every man without exception, English or foreign, has been vaccinated on
entering the service, though for long before that period practically
the whole force was vaccinated or revaccinated. Diagrams XI. and XII.
exhibit the result of the statistics presented to the Commission, showing
for the Navy the death-rate from disease and that from small-pox for the
whole force; and for the Army the death-rate from small-pox for the whole
force, and that from disease for the home force only, foreign deaths from
disease not being separately given.

Here we note, first, as in all the other communities we have dealt
with, the general correspondence between the two lines of total disease
mortality and small-pox mortality, resulting from the greater attention
given to sanitation and to general health conditions of both forces
during the last thirty or forty years. But, instead of small-pox
mortality absolutely vanishing with the complete revaccination in the
Army since 1860, it shows but a small improvement as compared with
general disease mortality; just as if some adverse cause were preventing
the improvement. In the Navy the improvement is somewhat greater, and
more nearly comparable with that of general disease mortality. There is,
therefore, as regards proportionate decrease, no indication whatever of
any exceptional cause favourably influencing small-pox.

In diagram XII. I compare the small-pox mortality of the Army and Navy
with that of Ireland from tables given in the _Final Report_ and the
Second Report; and we find that this whole country (at ages 15-45) has
actually a much lower small-pox mortality than the Army, while it is a
little more than in the Navy, although the mortality during the great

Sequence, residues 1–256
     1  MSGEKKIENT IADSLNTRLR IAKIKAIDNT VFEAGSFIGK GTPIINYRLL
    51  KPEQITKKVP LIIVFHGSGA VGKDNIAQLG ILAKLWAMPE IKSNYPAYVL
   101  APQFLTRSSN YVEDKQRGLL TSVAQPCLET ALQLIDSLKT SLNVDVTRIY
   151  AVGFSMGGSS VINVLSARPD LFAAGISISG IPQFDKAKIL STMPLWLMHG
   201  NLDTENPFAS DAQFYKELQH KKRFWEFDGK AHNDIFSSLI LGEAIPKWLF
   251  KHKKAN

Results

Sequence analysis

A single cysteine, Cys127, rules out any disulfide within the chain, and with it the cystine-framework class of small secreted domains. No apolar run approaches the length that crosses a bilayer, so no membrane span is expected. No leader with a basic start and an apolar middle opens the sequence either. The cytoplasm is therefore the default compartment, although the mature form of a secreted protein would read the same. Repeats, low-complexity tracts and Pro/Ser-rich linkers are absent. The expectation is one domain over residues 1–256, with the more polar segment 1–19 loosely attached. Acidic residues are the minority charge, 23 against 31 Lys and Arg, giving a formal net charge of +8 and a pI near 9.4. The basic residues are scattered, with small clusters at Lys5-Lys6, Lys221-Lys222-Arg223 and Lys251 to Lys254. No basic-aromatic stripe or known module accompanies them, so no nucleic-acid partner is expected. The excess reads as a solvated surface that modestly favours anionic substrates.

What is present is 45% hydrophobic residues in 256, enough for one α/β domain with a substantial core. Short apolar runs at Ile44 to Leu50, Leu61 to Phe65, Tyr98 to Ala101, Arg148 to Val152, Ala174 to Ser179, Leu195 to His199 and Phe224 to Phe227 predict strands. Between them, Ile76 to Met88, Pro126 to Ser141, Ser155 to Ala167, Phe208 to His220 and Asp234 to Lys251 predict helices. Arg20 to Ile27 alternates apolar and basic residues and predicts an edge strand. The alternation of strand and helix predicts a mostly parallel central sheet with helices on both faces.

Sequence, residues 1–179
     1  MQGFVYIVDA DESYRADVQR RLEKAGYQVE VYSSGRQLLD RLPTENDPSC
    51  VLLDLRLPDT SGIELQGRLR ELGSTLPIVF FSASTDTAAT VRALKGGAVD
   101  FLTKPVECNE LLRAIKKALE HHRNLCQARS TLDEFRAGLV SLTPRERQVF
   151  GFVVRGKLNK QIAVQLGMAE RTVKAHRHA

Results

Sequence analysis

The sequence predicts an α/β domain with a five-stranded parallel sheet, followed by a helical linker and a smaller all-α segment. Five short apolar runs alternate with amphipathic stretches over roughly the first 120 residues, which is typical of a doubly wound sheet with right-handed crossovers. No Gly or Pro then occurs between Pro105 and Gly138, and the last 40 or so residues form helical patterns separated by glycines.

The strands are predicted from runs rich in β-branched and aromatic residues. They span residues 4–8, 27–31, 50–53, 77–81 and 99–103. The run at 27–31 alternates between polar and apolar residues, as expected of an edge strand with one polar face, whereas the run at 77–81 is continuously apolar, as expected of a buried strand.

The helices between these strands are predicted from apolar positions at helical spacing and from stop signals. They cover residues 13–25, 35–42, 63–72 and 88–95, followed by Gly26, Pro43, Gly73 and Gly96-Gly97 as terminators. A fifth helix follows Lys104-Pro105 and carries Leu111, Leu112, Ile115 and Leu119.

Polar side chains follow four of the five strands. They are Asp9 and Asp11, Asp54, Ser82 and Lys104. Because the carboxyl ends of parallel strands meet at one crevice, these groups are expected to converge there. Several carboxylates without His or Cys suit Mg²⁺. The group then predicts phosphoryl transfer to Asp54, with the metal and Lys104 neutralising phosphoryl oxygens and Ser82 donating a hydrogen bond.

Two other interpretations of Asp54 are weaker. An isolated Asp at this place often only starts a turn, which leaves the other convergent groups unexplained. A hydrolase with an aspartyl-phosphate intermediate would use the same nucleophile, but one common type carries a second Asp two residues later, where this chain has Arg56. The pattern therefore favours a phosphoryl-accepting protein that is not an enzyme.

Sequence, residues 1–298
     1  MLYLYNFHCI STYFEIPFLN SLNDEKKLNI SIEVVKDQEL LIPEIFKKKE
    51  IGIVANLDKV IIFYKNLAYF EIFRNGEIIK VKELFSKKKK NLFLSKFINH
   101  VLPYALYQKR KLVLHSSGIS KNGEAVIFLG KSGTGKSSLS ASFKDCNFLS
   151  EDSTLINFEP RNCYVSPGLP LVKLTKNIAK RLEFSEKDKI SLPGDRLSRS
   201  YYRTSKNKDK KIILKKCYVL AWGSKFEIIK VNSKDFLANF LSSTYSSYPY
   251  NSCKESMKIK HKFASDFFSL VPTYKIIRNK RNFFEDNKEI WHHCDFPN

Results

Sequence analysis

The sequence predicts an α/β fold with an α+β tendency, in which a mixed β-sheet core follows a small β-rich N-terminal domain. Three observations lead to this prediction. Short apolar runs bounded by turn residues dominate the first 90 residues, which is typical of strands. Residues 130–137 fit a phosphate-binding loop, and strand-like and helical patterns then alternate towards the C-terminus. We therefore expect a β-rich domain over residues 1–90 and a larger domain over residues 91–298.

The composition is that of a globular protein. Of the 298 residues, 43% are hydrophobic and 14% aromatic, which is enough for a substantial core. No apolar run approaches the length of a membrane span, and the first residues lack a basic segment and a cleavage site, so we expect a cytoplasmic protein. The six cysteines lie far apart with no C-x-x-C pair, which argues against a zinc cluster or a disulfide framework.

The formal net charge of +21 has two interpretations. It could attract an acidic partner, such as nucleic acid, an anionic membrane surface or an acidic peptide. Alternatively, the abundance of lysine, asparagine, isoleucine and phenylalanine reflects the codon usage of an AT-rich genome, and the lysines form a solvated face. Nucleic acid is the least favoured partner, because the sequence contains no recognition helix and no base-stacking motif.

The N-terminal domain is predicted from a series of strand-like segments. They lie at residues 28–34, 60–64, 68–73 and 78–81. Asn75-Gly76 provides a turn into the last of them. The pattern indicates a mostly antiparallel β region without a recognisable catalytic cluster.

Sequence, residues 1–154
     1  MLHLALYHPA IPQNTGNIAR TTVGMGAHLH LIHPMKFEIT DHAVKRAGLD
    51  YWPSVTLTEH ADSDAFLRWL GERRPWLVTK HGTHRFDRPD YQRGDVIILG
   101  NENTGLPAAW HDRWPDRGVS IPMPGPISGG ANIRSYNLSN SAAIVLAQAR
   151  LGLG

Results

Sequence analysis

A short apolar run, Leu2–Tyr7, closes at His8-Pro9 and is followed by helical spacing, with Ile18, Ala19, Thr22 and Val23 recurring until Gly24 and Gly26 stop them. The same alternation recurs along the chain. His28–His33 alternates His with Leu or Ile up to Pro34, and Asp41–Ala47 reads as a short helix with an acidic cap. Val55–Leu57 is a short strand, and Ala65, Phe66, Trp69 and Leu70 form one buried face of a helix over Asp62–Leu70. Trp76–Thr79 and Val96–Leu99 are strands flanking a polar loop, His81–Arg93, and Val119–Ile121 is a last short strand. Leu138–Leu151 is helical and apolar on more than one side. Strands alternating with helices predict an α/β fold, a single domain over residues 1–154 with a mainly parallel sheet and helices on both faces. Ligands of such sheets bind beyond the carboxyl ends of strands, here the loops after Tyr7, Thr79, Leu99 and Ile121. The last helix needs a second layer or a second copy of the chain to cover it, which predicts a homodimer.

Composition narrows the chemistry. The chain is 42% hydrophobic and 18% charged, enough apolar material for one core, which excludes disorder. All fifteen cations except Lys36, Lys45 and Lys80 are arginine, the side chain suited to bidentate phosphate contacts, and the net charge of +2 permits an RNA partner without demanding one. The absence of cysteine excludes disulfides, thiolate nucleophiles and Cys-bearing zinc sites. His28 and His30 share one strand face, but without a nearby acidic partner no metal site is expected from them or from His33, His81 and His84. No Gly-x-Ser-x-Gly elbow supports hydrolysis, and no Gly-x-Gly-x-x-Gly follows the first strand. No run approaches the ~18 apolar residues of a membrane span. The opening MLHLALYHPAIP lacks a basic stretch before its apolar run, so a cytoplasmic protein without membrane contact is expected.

epidemic was higher than any that affected the Army or Navy, owing to its
rapid spread by infection in the towns. But the proportionate numbers
dying of small-pox in a series of years is, of course, the final and
absolute test; and, applying this test, we find that these revaccinated
soldiers and sailors have suffered in the thirty-one years during which
the materials for comparison exist, to almost exactly the same extent
as poor, half-starved, imperfectly vaccinated Ireland (p. 65)! Another
and still more striking comparison is given. The town of Leicester is,
and has been for the last twenty years, the least vaccinated town in the
kingdom. Its average population from 1873 to 1894 was about two-thirds
that of the Army during the same period. Yet the small-pox deaths in the
Army and Navy were thirty-seven per million, those of Leicester under
fifteen per million.

Thus, whether we compare the revaccinated and thoroughly “protected” Army
and Navy with imperfectly vaccinated Ireland, or with almost unvaccinated
Leicester, we find them either on a bare equality or _worse off_ as
regards small-pox mortality. It is not possible to have a more complete
or crucial test than this is, and it absolutely demonstrates the utter
uselessness, or worse than uselessness, of revaccination![24]

In the face of this clear and indisputable evidence, all recorded in
their own Reports, the Commissioners make the astounding statement:
“We find that particular classes within the community amongst whom
revaccination has prevailed to an exceptional degree have exhibited
a position of quite exceptional advantage in relation to small-pox,
although these classes have in many cases been subject to exceptional
risk of contagion” (_Final Report_, p. 90, par. 342). And again: “The
fact that revaccination of adults appears to place them in so favourable
a condition as compared with the unvaccinated,” etc. (_Final Report_,
p. 98, sec. 375). What can be said of such statements as these, but
simply that they are wholly untrue. And the fact that the majority of
the Commissioners did not know this, because they never compared the
different groups of facts in their own reports which prove them to be